You are saying, let's have variables declared inside a class NOT be considered part of the class unless you use the 'part' keyword? While this is a way to solve the problem, I think this would be very error prone. What most people are used to is that when they declare a variable inside a class scope, by default it's a member of the class instance. With your scheme, what you will end up with is people will seldom use the 'part' keyword, and when pure functions come around, they cannot use any of the non-'part' members. As a result, nobody will use pure functions except for simple math functions. This is not what Walter wants, and if we are going to have pure functions, it's not what I want either. I like how D const is transitive by default, although I think there should be a way to make exceptions to that rule.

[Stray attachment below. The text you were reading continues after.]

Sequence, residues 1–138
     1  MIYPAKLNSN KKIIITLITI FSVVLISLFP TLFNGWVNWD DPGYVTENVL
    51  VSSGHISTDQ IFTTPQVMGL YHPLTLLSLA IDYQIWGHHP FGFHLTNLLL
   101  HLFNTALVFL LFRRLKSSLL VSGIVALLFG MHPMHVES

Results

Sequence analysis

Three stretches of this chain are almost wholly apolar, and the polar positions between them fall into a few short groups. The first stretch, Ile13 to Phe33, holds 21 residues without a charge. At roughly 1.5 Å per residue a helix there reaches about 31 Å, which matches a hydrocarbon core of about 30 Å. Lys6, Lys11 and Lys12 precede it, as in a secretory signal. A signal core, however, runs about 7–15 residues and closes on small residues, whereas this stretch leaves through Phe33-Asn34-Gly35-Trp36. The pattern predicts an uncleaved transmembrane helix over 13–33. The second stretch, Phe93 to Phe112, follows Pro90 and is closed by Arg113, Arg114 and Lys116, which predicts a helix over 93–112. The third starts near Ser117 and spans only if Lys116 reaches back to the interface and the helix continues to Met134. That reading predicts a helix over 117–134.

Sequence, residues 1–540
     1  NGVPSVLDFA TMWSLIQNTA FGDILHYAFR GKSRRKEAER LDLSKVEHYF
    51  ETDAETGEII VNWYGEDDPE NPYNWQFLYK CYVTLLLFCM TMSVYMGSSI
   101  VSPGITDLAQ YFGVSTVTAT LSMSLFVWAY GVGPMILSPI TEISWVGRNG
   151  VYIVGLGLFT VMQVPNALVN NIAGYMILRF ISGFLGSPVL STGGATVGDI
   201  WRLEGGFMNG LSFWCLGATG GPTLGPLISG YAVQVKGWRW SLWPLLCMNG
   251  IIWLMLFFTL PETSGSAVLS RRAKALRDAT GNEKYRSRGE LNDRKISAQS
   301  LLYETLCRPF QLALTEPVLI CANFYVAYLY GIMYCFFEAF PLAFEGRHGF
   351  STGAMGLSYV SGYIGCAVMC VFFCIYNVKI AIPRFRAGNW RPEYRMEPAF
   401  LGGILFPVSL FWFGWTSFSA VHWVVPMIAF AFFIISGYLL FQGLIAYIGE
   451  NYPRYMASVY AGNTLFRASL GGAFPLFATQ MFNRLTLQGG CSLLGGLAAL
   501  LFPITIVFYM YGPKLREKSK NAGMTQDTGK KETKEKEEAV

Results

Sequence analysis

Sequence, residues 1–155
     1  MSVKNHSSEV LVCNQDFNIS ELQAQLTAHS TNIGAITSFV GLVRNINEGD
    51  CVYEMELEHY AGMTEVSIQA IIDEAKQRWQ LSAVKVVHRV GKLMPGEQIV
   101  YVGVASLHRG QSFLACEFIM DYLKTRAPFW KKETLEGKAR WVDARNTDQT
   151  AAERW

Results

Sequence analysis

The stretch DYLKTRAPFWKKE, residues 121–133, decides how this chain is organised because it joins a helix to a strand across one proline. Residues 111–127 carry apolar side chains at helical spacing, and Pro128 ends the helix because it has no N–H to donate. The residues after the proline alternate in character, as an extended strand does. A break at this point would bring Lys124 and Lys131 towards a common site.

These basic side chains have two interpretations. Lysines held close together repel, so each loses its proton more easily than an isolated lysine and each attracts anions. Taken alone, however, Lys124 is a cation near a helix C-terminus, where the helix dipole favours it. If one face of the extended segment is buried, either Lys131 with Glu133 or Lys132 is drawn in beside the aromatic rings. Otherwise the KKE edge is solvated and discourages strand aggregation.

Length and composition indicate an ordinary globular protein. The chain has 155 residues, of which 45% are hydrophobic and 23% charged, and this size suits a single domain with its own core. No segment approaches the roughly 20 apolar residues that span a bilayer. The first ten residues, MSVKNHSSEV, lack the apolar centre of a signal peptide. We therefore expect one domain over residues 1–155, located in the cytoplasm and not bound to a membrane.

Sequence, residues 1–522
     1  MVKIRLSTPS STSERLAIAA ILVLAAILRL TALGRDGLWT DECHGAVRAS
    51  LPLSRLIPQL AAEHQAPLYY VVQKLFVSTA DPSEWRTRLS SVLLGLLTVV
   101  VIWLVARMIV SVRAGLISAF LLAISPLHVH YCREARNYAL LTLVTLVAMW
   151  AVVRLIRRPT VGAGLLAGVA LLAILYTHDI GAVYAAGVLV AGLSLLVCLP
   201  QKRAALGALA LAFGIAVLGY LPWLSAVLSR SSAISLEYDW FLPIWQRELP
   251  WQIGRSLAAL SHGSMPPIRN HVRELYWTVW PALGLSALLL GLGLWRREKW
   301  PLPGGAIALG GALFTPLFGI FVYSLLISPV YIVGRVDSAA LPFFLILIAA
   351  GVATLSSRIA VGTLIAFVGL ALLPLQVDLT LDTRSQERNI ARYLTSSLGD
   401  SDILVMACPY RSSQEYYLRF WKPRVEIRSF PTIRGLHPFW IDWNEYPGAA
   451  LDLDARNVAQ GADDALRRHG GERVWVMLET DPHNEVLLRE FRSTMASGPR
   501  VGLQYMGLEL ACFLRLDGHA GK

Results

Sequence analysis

I agree, the most common case should be the default. The concept would stay the same though. Whether the keyword is part or notpart or something else I don't know. The basic concept is that reality tells us that not every part of a piece of software is part of every class. Transitive const is at odds with reality, because it assumes that all objects that are members of a class are necessarily part of that class. Alex
Apr 09 2008